- Producing additional disclosures will impose costs on SEC-reporting companies, but there are also benefits. As with any regulation, companies that are subject to it will incur additional costs which need to be evaluated by comparison with their benefits. Since the proposed SEC rules are based on TCFD methodologies, they would impose little additional disclosure burden on companies that already disclose their risks and would also ensure that companies that will have to start disclosing their climate risks will rely on the same methodology for comparability. Companies can benefit from the disclosure requirement. Climate-related financial risks are real, as was recently illustrated by the bankruptcy of PG&E due to the higher frequency of large wildfires in California. Any company needs to be evaluating its exposures to such risks as a part of its best practices in risk management. Detailed disclosure rules provide the blueprint for measuring such risks and will likely lower the cost of obtaining professional services in evaluating such risks. For example, in the early years of PRI and TCFD, the United Nations Environment Programme Finance Initiative (UNEP-FI) commissioned a climate risk evaluation methodology from Oliver Wyman and Mercer, which is now available for free as a white paper. Disclosure of future climate-related risks will lead to the incorporation of these risks into asset prices, therefore reducing the probability of a large sudden asset repricing and related financial stability problems, should important climate mitigation measures take effect. For example, when the Sarbanes-Oxley Act (SOX) increased reporting burden for firms going public in order to increase transparency and accuracy of their asset valuation, it reduced uncertainty and volatility of stock prices for newly public firms, and reduced risk-taking by public firms. Disclosure requirements have important benefits when compared to voluntary disclosures. Introducing detailed rules will help investors through uniformity of reporting, easy access to disclosures, and assurance of the reliability of said disclosures because of the required audit. Companies that are currently not reporting their climate risks might appear to investors to have something to hide. If such companies have lower climate-related risks than investors are expecting, they might benefit from disclosing their risks. Finally, climate-related risk disclosures will provide incentives to companies to reduce their own impact on climate change.
- Greenhouse gas emissions disclosures included in the proposed rules may affect non-SEC reporting firms. Emissions disclosures can be defined in three scopes: Scope 1 emissions are direct emissions generated by the firm, such as CO2 from their heating furnace or methane from a factory farm. Scope 2 emissions are those produced by the power generation for the electricity used by the firm. Scope 3 emissions are those embedded into intermediate goods the firm buys or in products the firm sells. For example, a car manufacturer making internal combustion cars may have zero Scope 1 emissions in its production process, and use only solar and wind power, leading to zero Scope 2 emissions, but the consumers buying cars will produce Scope 3 emissions when they drive the cars. When financial companies invest in greenhouse gas-heavy firms, this would count towards their Scope 3 emissions and will expose these companies to climate-related risks. Because large companies may be supplied by small and medium companies, the suppliers are concerned that they may face an undue burden if they have to report their emissions to their customers or even lose their business partnerships if they are unable to do so. This is a valid concern. The SEC took one step toward alleviating it by including a “safe harbor” exception for Scope 3 reporting, which means that it will not penalize companies for calculating Scope 3 emissions incorrectly. This provision makes it possible for SEC-reporting firms to not require exact emissions from their small suppliers, but assign industry average emissions to all their small suppliers instead, or use a different simplified methodology.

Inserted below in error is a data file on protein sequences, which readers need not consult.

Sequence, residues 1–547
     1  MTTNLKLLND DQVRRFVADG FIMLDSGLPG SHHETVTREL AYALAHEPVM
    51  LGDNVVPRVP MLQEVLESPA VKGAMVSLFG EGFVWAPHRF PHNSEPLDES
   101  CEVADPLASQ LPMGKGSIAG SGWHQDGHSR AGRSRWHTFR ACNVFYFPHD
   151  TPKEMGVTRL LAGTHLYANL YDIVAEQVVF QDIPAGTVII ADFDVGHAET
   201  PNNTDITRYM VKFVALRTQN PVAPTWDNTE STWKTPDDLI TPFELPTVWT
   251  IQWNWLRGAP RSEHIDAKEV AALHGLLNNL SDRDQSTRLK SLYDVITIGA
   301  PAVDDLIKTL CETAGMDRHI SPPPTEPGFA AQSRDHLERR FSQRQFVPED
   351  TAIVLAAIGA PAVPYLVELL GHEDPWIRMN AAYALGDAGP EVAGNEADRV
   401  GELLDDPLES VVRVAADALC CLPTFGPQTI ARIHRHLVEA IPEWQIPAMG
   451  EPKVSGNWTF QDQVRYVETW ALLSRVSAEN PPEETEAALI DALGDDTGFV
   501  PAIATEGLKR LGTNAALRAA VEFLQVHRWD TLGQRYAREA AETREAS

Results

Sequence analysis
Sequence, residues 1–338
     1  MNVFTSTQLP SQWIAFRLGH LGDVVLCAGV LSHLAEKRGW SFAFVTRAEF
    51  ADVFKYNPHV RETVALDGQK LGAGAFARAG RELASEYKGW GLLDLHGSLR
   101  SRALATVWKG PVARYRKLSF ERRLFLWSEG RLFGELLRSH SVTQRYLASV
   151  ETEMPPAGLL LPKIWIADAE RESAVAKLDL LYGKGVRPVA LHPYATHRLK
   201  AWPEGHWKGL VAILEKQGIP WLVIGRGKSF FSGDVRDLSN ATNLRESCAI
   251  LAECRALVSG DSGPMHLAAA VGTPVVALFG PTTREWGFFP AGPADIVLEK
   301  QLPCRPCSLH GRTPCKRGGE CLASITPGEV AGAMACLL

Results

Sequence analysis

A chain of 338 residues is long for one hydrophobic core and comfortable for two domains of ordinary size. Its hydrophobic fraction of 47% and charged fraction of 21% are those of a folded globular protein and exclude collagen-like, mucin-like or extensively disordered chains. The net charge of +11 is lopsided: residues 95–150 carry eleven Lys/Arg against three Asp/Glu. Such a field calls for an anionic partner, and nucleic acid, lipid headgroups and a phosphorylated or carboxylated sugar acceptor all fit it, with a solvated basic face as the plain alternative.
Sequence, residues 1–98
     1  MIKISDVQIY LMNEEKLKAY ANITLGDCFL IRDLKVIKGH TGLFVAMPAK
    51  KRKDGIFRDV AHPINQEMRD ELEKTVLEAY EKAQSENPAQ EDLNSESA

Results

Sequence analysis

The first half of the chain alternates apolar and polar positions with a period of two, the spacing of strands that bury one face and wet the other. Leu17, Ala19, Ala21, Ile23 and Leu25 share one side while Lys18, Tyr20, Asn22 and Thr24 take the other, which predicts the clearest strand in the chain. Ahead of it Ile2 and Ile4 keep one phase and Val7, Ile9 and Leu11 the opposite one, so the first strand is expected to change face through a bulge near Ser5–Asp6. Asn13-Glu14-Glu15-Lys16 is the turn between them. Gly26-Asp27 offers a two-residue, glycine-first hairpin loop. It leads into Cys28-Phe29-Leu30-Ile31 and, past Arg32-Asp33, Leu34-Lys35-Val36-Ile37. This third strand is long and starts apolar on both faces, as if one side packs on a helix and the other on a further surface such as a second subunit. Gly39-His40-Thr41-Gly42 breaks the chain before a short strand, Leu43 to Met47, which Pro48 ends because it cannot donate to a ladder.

- The additional regulatory burden may discourage some firms from going public or may incentivize some public firms to go private. When companies decide to go public, they factor the costs of regulatory compliance, which is much higher for public firms, into such decisions. If the costs of reporting climate-related risks are high, some firms might choose to stay private and some public firms might decide to go private. Any additional regulation may have such effects, as was the case after the passage of the Sarbanes-Oxley Act. This might be undesirable if we believe that public firms are more transparent, more efficient, better governed and have better access to financial capital when they have investment opportunities. As with any regulation, efforts need to be taken to minimize the reporting burden. It remains to be seen whether private investors, such as private equity funds, will also require an evaluation of climate-related risks, which would reduce the benefits of staying or going private to avoid reporting these risks to the SEC. PRI has published a guide on climate change for private equity funds, while leading accounting consulting companies, such as Deloitte, and Ernst and Young are already publishing white papers and offering climate risk consulting services to their private equity customers. This suggests that reporting climate-related risks is likely to become a requirement for obtaining any investment, public or private.
What this Means:
Proposed SEC rules are consistent with already adopted practices and will benefit investors by providing important information for their decisions. They will also benefit the economy by reducing the probability of transition risk turning into a financial crisis. Finally, they will benefit the world by incentivizing companies to reduce their climate-related risks through investment in climate change mitigation and adaptation technologies. These benefits come with additional reporting costs for the companies and may even incentivize some companies to go private or spill-over on smaller firms. However, to the extent that climate-related risk management is becoming necessary for all firms, these additional costs might be unavoidable.